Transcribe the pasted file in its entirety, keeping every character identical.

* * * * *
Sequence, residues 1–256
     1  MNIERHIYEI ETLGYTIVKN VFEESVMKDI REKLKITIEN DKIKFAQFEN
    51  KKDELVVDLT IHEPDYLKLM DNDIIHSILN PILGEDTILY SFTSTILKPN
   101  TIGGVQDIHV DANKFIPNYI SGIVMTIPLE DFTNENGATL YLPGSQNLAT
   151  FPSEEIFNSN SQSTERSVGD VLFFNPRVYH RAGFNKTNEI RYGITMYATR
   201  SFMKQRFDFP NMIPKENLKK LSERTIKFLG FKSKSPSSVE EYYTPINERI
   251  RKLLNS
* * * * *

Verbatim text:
Sequence, residues 1–256
     1  MNIERHIYEI ETLGYTIVKN VFEESVMKDI REKLKITIEN DKIKFAQFEN
    51  KKDELVVDLT IHEPDYLKLM DNDIIHSILN PILGEDTILY SFTSTILKPN
   101  TIGGVQDIHV DANKFIPNYI SGIVMTIPLE DFTNENGATL YLPGSQNLAT
   151  FPSEEIFNSN SQSTERSVGD VLFFNPRVYH RAGFNKTNEI RYGITMYATR
   201  SFMKQRFDFP NMIPKENLKK LSERTIKFLG FKSKSPSSVE EYYTPINERI
   251  RKLLNS